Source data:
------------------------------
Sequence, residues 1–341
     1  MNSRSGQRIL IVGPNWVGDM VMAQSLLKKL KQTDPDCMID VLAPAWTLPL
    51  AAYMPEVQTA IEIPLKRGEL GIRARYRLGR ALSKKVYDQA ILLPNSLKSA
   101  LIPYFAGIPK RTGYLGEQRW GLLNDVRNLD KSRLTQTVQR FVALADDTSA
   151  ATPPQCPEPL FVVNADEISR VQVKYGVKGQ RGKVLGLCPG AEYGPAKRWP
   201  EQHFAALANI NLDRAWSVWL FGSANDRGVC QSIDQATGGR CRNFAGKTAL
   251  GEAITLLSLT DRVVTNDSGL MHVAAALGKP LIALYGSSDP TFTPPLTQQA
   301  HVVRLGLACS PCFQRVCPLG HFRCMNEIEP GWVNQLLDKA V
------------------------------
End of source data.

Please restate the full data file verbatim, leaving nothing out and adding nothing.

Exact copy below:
Sequence, residues 1–341
     1  MNSRSGQRIL IVGPNWVGDM VMAQSLLKKL KQTDPDCMID VLAPAWTLPL
    51  AAYMPEVQTA IEIPLKRGEL GIRARYRLGR ALSKKVYDQA ILLPNSLKSA
   101  LIPYFAGIPK RTGYLGEQRW GLLNDVRNLD KSRLTQTVQR FVALADDTSA
   151  ATPPQCPEPL FVVNADEISR VQVKYGVKGQ RGKVLGLCPG AEYGPAKRWP
   201  EQHFAALANI NLDRAWSVWL FGSANDRGVC QSIDQATGGR CRNFAGKTAL
   251  GEAITLLSLT DRVVTNDSGL MHVAAALGKP LIALYGSSDP TFTPPLTQQA
   301  HVVRLGLACS PCFQRVCPLG HFRCMNEIEP GWVNQLLDKA V